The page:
I’ve made some headway this week as I finished two books that I want to tell you about, both by Canadian authors.  The first is an adult novel, After the Bloom by Leslie Shimotakahara.  Rita is a single mother who is struggling to come to terms with her recent divorce and questioning her abilities to be a good parent to her six-year-old daughter Kristen as she copes with her move from a large house in Willowdale to a small apartment in downtown Toronto.  Her husband has moved to Vancouver and their daughter is with him for the summer, so Rita is left alone to deal with her unstable life on her own.  As an art teacher, she has the summer off, giving her plenty of time to dwell on her unsatisfactory life, both past and present.  To complicate matters, she gets a phone call from her mother’s new husband Gerald, letting her know that her mother, Lily, has gone missing.  The police are called, but they can’t do much when there are no signs of violence or abduction, when it appears that an adult has just walked away from her life.  Rita has no idea where Lily could have gone, but she is frightfully worried, as Lily is not the most mentally stable person - all her life there have been blank moments, forgetfulness and wandering, and she’s always come back, but she’s never stayed away this long.  Rita tries to help Gerald find Lily, but she knows so little about her mother’s past, particularly her time in a Japanese internment camp in California, that she doesn't know where to begin.  Rita also knows little about her own father, whom Lily claims abandoned the family after Rita was born.  By piecing clues together and enlisting the help of Mark Edo, a fellow Japanese Canadian and professor at University of Toronto, Rita goes on a search that will uncover her family’s hidden past and help her to come to terms with who she really is.  Told from the points of view of both Rita and Lily, we as readers are given inside information about Lily’s past and her experiences in the camp, information that Rita is denied again and again, and she must be resourceful and determined in order to uncover the truth about her past and her family.  This is Shimotakahara’s first novel, and it was definitely an interesting story, one that needs to be told.  I had a hard time identifying with either main character, but the story moved along at a good pace and kept me turning pages to find out where Lily has gone and why.  Anyone who likes reading domestic fiction or is interested in the Japanese-Canadian experience would probably enjoy this novel.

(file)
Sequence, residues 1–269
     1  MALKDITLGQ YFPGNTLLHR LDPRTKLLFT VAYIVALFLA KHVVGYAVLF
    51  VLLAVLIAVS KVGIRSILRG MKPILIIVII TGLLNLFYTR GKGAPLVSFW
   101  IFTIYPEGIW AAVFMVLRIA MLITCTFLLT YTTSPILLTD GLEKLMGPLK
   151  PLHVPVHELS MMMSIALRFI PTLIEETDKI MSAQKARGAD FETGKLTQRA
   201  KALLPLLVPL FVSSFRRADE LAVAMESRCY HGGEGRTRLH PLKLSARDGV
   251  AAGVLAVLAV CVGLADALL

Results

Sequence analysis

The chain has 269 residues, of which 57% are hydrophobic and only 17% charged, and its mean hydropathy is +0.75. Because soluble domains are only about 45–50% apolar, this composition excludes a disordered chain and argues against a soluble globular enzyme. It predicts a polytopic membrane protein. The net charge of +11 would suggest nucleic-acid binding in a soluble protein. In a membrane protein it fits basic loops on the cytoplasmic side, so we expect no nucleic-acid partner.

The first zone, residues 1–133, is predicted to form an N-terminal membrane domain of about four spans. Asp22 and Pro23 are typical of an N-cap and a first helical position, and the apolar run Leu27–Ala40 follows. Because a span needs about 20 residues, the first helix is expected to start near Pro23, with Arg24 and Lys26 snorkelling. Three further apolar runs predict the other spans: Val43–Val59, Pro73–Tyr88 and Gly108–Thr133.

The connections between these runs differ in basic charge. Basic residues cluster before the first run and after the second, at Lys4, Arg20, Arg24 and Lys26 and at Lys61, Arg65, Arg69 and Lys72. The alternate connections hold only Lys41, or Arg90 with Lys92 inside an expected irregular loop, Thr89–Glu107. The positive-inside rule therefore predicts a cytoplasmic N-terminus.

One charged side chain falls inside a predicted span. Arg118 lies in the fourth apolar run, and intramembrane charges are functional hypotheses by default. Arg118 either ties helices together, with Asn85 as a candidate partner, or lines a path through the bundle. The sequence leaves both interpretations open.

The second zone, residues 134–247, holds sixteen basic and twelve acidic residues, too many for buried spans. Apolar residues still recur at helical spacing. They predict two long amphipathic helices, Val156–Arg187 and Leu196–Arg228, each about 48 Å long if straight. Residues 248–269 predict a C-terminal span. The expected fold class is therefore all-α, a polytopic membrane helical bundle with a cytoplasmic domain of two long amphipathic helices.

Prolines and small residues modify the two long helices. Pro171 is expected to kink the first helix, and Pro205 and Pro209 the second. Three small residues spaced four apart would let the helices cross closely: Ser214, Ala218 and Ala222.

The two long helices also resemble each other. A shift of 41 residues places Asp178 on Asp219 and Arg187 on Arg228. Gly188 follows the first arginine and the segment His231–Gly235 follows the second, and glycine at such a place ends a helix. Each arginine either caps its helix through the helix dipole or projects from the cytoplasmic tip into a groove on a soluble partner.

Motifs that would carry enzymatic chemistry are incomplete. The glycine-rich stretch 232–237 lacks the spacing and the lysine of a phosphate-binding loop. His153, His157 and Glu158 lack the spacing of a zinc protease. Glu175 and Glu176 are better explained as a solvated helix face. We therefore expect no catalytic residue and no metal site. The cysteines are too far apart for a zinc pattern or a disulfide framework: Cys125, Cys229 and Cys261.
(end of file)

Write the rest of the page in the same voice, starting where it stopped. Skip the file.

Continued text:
And I received an advanced reading copy of a children's novel by Canadian author Sonia Tilson, The Disappearing Boy.  This novel is also about family secrets and a quest to find a missing father.  Thirteen-year-old Neil MacLeod has recently moved from Vancouver to Ottawa with his mom, and he is struggling to feel at home in his new school and new environment.  So far he has no friends and he’s finding the weather challenging to deal with, being so different from what he was used to on the West Coast.  When his mother tells him that he has a grandmother living nearby, he is shocked; his mother has never mentioned any other relatives.  The relative he most desperately wants to know about is his father, but his mother keeps saying that she’ll tell him “soon” and he is tired of hearing that word.  His grandmother, Margaret, is a bit more forthcoming, but determines that it is his mother who should really be the one to give him that information.  He befriends Courtenay, Margaret’s neighbour, a girl whose parents are indifferent to their daughter’s well-being, and his life seems to be getting better, but after his mother puts off his demand for answers about his father one too many times, Neil storms out and heads to Margaret’s place, where, while snooping around, he uncovers a truth more shocking than he could have ever believed.  He decides to run away to his grandfather’s horse farm outside of St John, New Brunswick, an escape that gives him the chance to view his life from a distance and really learn what it means to be a family.  This heartwarming book puts into perspective what many children are facing these days in terms of struggles with sexual identity, for themselves and those around them, and approaches a difficult topic both realistically and with compassion.  I really enjoyed this book, and read it last night in one sitting.  It is recommend for kids ages 8-12, but due to the mature content, I think it’s more suitable for ages 11-13.  It is due out in October.

That’s all for this week.  Have a great weekend and remember to read!

Bye for now…